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Tuesday, July 31, 2007

"A strange and terrible beauty"

"In the empty, silent spaces of the world, he has found metaphors that illuminate the silent places of our hearts, and found in them, too, a strange and terrible beauty: austere, elegant, enigmatic, haunting."

-- Jack Nicholson on Italian director Michaelangelo Antonioni, who has passed away at the age of 94. Nicholson was the star of Antonioni's The Passenger, which was screened at StudioFilmClub earlier this year.

Monday, July 30, 2007

Farewell to a Master

""I try to tell the truth about the human condition, the truth as I see it."

-- Ingmar Bergman, 1918–2007

Monday, July 23, 2007

Film reviews

There used to be a time when there were film reviews in the local newspapers. Proper film reviews, written by people who knew what they were writing about. Now, however, apart from the odd syndicated review from a foreign newspaper, and a feature in one of the Sunday papers that merely recounts the plot of a Bollywood movie and masquerades as a review, film reviews are a thing of the past. (The papers can't seem to get enough, however, of movie star gossip.)

Why we don't have film reviews in our papers anymore is a question worth exploring (along with why we don't have book reviews etc), but at another time. Yet because there aren't film reviews in the papers, that doesn't mean there aren't film reviews and film reviewers. To wit: Andre Bagoo, who at his blog, Tattoo, has written a few interesting reviews of recent films. See here for a short review of the new live-action Transformers movie, and here for a longer, more in-depth piece on the latest Harry Potter film.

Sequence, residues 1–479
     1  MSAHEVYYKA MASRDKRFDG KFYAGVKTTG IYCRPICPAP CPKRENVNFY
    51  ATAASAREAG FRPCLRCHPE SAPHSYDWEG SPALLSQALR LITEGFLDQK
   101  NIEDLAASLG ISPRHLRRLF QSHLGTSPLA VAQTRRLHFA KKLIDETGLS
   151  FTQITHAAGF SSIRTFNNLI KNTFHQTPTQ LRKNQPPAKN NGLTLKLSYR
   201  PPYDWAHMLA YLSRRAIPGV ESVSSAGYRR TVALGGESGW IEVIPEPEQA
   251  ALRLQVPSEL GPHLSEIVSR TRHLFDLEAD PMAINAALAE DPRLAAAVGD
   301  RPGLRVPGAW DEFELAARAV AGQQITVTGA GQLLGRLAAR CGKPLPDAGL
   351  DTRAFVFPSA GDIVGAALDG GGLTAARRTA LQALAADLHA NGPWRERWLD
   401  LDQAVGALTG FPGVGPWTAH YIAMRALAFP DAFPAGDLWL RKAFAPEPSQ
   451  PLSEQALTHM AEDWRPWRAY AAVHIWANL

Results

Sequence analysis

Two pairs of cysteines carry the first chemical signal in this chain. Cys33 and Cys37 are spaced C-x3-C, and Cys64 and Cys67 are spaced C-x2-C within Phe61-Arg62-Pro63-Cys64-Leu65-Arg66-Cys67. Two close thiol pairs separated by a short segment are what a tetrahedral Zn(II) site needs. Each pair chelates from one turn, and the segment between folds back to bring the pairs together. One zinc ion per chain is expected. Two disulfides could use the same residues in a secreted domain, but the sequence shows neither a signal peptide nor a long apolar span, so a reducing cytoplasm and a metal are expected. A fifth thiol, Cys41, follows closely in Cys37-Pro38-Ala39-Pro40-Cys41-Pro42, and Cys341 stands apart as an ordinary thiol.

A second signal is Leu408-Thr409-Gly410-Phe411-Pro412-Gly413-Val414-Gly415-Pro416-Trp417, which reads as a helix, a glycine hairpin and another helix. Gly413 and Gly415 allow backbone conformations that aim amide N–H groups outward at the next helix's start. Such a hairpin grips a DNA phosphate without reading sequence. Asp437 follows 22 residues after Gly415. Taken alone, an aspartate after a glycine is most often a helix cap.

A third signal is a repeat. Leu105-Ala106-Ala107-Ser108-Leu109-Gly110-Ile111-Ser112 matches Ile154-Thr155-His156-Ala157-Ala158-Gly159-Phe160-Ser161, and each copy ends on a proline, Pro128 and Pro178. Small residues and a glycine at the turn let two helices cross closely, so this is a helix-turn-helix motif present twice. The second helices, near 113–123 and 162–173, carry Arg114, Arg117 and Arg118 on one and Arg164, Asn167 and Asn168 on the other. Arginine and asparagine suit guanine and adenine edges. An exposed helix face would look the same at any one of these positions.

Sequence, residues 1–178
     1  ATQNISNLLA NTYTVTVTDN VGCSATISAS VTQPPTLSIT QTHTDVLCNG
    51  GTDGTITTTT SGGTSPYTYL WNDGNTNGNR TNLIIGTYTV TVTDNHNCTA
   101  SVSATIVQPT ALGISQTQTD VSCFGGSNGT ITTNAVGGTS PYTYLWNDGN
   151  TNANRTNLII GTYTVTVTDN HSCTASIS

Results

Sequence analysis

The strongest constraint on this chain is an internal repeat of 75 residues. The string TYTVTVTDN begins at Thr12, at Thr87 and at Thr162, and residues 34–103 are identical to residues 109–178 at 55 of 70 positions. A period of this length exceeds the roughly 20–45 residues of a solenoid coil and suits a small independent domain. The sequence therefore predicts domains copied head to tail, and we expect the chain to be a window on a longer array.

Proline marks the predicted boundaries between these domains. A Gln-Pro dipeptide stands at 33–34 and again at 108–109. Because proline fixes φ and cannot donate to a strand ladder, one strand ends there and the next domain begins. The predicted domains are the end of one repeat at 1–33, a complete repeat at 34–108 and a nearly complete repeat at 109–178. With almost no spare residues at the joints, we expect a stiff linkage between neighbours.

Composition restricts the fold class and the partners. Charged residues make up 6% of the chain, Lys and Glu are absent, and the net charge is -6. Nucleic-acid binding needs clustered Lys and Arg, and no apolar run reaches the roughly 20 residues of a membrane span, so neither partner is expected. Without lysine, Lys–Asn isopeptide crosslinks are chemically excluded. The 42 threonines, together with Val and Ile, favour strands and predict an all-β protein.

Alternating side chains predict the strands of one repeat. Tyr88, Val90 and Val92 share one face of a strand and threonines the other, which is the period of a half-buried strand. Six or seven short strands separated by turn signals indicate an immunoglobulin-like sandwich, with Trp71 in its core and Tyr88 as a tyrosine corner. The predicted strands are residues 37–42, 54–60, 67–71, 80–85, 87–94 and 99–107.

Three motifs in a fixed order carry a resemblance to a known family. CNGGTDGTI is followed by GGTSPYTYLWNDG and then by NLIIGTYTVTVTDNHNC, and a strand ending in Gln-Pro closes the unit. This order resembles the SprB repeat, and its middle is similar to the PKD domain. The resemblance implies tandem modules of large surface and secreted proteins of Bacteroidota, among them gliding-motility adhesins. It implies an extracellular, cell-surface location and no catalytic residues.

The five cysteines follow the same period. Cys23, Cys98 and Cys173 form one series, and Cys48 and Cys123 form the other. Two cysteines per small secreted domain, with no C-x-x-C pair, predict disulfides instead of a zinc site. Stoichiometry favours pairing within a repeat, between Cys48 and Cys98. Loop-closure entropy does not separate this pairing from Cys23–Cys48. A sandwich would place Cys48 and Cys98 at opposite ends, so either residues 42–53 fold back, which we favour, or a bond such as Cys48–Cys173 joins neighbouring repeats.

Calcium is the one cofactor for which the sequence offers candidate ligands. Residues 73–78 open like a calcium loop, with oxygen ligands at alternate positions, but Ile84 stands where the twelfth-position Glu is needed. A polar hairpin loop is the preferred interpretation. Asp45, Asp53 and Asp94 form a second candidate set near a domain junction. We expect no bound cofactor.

An atheist film festival?

"If you were programming an Atheist Film Festival, what titles would you include?" That is the question Jim Emerson asks at his Chicago Sun Times blog, Scanners.

"I can think of many, many religious movies (from silents like Ben-Hur, through the biblical epics of the 1950s, the Christian parables of Ingmar Bergman, up to The Passion of the Christ and Dogma)," says Emerson. "But can you think of some movies that are explicitly atheistic, that argue against belief not just in religious dogma but in theism itself?"

Emerson himself is unable to think of any such films off the cuff, but there are quite a few interesting suggestions in the comments section, including Bergman's Through A Glass Darkly, Stanley Kramer's Inherit The Wind and, of course, Star Trek V.

Anyone else (assuming anyone still reads this blog) with any suggestions?

(Via Jabberwock, who has incidentally been blogging of late on Delhi's Cinefan Film Festival.)